Ramblings of a much published New Zealand author

24 February 2010

Open 7 Days 12. Pukehou Store

I wrote and illustrated ‘Open 7 Days’. It was published in 1991. It’s a series of freeze-frames of some historic New Zealand general and convenience stores as they were preserved in the last decade of the 20th century. Bit by bit, on this blog, I re-publish some of the entries from that book.

State Highway 2, Pukehou, Central Hawke’s Bay.
Proprietors: Anne Miller and Noel Brinson

Between the Raukawa Range and the Tukituki River, Pukehou sits in a gentle valley running north-west from Waipawa to connect with Hastings. It’s a bountiful valley of sheep farmlands, roadside fruit and vegetable stalls and birdlife; particularly the pukekos who inhabit the remnants of once extensive swamplands.

The district is famous for the Anglican Maori boys’ Te Aute College, a short step up the road from the Pukehou store. The store shares with the college a connexion to Archdeacon Samuel Williams, who founded the school in 1850, and the land upon which Pukehou village and the store stand was his gift.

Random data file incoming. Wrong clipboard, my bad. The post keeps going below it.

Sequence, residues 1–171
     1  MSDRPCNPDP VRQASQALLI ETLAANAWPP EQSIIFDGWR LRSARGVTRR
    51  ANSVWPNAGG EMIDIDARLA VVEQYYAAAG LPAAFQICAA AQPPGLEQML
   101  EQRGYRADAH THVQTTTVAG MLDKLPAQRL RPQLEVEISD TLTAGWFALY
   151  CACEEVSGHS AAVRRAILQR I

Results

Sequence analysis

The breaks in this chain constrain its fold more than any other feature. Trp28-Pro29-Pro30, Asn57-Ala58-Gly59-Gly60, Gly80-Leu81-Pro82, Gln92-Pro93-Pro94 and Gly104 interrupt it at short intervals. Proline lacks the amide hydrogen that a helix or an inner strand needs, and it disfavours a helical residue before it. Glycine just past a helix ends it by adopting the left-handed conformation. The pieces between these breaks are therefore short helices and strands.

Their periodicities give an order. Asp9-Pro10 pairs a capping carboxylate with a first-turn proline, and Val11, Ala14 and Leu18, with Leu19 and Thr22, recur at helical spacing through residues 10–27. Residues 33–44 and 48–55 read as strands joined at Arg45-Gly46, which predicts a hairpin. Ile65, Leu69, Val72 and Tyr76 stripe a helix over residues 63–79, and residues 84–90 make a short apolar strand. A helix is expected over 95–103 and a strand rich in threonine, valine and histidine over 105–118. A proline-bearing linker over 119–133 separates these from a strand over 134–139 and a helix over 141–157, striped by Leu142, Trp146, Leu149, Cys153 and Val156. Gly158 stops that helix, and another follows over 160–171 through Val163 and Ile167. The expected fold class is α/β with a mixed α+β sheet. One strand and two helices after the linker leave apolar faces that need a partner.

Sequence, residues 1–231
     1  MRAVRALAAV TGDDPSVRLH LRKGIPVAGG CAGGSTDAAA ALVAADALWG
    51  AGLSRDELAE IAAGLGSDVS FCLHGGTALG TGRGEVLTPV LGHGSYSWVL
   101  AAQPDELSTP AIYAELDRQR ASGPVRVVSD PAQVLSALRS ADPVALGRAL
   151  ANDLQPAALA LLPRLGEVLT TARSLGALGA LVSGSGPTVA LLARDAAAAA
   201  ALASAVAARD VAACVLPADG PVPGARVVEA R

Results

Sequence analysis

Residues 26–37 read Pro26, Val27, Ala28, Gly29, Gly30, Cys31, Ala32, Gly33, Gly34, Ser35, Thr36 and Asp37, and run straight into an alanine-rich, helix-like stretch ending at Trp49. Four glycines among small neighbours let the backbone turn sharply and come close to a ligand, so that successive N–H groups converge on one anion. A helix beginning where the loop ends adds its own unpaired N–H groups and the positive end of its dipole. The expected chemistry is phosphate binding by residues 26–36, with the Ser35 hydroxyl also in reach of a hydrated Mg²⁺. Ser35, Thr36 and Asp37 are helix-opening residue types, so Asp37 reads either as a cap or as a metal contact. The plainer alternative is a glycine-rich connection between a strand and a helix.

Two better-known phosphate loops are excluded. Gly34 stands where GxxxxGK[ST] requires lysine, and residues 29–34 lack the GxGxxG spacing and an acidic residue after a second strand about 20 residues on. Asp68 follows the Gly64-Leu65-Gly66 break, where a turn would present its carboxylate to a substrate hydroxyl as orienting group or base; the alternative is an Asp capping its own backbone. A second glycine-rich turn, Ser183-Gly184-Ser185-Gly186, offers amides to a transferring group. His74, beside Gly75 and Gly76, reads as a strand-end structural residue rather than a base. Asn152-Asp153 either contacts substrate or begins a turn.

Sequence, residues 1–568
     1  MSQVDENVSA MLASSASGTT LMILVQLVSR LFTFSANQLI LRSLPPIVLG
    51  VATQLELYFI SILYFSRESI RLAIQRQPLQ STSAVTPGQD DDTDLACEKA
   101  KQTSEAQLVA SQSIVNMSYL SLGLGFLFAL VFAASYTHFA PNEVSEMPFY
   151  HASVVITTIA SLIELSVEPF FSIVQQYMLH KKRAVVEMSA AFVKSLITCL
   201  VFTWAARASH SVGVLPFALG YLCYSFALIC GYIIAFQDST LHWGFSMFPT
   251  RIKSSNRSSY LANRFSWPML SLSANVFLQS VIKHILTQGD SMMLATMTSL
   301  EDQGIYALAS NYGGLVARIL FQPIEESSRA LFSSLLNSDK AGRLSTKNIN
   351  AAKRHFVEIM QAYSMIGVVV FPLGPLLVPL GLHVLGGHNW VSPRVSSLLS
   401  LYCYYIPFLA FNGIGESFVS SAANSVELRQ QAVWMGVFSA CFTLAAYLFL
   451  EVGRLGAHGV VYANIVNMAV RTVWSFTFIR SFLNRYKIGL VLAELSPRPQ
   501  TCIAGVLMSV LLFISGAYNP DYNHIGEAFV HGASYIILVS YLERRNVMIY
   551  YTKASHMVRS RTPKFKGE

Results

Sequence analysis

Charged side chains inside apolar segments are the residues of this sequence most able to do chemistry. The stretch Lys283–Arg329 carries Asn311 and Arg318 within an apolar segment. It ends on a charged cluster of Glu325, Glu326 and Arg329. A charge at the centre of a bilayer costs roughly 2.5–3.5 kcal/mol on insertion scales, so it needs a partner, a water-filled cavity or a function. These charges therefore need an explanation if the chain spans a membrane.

An older store, at Te Aute, closed down in 1982 with the reputation of being the oldest business in New Zealand with a continuous trade from a wooden building.

The Pukehou General Store was built in the early 1920s for Andrew and Christina Priest, immigrants from the Shetland Isles, by their son, Harry, a carpenter. The store flourished in the decade after the late 1940s in the ownership of Neil Forsyth and his wife, who supplied the farming district as comprehensively as any stock and station agent and grocery supermarket combined. They also had a bread and grocery delivery round, ran two school buses, and a taxi service with cars available any hour of the day or night.
A Napier woman by birth, Anne Miller, who was a nurse for some years, bought the store in 1980 and she and her son, Noel, are now partners in its ownership.

‘Mrs Anne’, as the local children call her, still does a six-day paper run as well as the daily postal service.

Adaptation to modern times is the key to survival, and Anne intends, while maintaining the base of grocery, petrol and postal services, to add to her tearooms by providing fast foods and light meals for the passing motorists on this busy tourist route.


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By Don Donovan